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Women’s interest in Games on the rise – research report

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(Last Updated On: July 14, 2021)

Interest in the Olympic Games among women is rising, with nearly as many women as men now keen on the sports extravaganza due to begin in the Japanese capital at the end of next week, according to research released on Wednesday, Reuters reported.

Data analytics company Nielsen Sports said 45% of women in the world’s largest economies have shown interest in the Games, which this year run from July 23 to Aug. 8, though with no spectators in venues due to coronavirus restrictions.

That figure is just three percentage points lower than the number of men who were interested in the event, which was postponed for a year due to the pandemic, when the survey was conducted in May.

“The Olympics provide a unifying moment with countries and athletes coming together to compete in what is the world’s largest sporting event,” said Lynsey Douglas, who is head of brands at Nielsen Sports.

“Although this year’s Olympics in Tokyo will be different from previous Games in many ways, the potential they bring to elevate gender equality in sport remains critical.

“With nearly equal medal opportunities for men and women, the Olympics provides the most gender balanced fan base among major events.”

According to Nielsen’s research, the Olympic Games is the world’s most popular sporting event, with 47% of respondents in 13 of the 15 wealthiest nations interested or very interested in the Summer Games, Reuters reported.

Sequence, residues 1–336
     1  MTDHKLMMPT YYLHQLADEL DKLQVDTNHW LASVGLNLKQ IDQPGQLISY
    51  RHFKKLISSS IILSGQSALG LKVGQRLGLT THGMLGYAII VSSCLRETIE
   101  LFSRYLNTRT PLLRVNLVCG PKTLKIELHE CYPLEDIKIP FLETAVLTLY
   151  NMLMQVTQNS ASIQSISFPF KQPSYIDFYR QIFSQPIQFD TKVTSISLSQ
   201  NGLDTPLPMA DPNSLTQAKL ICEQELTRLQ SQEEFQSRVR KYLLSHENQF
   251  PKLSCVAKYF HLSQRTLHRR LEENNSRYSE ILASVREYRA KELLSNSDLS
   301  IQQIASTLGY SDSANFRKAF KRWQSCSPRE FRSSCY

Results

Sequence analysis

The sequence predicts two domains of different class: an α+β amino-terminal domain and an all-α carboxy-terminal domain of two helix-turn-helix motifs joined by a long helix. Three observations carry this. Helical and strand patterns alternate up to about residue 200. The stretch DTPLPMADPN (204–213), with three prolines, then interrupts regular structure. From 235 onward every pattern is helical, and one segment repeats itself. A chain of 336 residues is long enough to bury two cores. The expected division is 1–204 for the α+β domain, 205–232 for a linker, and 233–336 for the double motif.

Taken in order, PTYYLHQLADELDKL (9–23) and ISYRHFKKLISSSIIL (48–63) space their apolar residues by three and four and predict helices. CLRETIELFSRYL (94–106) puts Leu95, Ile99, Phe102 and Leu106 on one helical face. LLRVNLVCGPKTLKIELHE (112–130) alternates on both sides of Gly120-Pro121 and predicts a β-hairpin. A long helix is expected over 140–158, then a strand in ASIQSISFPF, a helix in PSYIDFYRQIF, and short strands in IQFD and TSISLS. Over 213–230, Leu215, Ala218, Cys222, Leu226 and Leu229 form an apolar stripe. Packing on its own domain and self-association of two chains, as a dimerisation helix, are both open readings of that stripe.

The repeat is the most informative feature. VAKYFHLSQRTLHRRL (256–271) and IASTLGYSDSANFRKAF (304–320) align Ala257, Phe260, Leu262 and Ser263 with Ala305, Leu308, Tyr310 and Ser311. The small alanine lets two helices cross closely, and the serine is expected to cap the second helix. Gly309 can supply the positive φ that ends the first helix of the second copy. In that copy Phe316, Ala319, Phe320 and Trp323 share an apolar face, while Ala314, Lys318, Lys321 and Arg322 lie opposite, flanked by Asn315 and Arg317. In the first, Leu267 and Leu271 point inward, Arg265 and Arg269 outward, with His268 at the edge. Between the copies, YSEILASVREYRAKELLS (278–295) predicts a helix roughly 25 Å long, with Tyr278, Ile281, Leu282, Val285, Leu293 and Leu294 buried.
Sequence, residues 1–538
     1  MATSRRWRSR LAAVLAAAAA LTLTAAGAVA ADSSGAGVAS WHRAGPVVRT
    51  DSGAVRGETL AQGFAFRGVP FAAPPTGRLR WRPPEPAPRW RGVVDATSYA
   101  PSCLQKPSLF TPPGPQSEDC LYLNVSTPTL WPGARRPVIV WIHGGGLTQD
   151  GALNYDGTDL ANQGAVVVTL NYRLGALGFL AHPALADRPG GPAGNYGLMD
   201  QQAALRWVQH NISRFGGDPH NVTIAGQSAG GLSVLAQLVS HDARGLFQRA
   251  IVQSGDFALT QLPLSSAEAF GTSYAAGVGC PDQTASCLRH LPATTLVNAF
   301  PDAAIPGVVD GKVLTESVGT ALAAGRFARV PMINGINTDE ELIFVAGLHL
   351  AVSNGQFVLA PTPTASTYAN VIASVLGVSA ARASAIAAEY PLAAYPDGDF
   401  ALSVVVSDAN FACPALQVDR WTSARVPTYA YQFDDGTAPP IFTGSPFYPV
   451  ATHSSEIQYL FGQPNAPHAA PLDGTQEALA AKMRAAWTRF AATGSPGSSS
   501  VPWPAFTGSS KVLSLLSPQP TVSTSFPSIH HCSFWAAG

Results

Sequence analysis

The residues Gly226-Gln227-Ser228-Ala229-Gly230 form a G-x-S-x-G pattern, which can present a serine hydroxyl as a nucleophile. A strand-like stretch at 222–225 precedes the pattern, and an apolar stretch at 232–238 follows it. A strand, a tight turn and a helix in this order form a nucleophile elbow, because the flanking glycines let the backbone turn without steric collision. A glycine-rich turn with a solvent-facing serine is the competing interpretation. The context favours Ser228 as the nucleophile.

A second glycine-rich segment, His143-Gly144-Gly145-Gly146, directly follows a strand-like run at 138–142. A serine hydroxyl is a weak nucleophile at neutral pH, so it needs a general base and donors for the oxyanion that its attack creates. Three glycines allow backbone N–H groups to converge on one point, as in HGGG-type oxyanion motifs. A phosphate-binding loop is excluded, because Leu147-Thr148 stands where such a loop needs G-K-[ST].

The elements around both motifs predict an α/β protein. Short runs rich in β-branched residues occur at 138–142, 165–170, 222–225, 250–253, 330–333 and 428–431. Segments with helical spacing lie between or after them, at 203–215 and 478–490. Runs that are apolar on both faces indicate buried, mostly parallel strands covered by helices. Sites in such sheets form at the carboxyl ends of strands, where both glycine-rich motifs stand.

That figure far surpasses the next most-popular non-Olympic event, the NBA, which sees 33% of people expressing an interest. But only 17% of women are interested in the U.S. basketball league.

The Tokyo Olympics will see an increase in medals awarded to women as the International Olympic Committee (IOC) edges closer to gender parity.

Women’s events will account for 156 gold medals and 494 of the medals available in Tokyo while men’s events will account for 165 gold out of a total of 530.

The IOC has also introduced additional mixed events in which more women could win medals.

Olympic Games Tokyo 2020

Afghanistan’s Yavari falls out in first round of shooting event

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(Last Updated On: July 25, 2021)

The Afghanistan National Olympic Committee said Sunday Mahdi Yavari, scored 601.4 points in the first round of the 10 meter rifle shooting event at the Olympics but failed to make it through to the next round.

Shooters from China, United States, Slovakia, Turkey, Russia, Hungary and China advanced to the final eight.

A new Olympic record was however set by the Chinese contestant who scored 632.7 points. The previous record was set by Italy with 630.2 points in 2016.

This was the first time however that Afghanistan has taken part in the shooting event.

The Tokyo Olympics opened on Friday afternoon with a ceremony reflecting a Games like no other, walking a fine line between celebrating the feats of the world’s best athletes while acknowledging the global hardship caused by the coronavirus pandemic.

The Games run until August 8.

About 11,000 athletes from 204 national Olympic committees are expected, including a team of refugee athletes. Afghanistan is represented by five athletes and another three Afghans are part of the refugee team.

Meanwhile, Dr Ehsanullah Bayat, Chairman of Afghan Wireless Communication Company, Ariana Television Network, Ariana News and Bayat Power, attended the opening ceremony in Tokyo as a special guest.

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Olympic Games Tokyo 2020

Slimmed-down opening ceremony reflects pandemic-hit Tokyo Games

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(Last Updated On: July 23, 2021)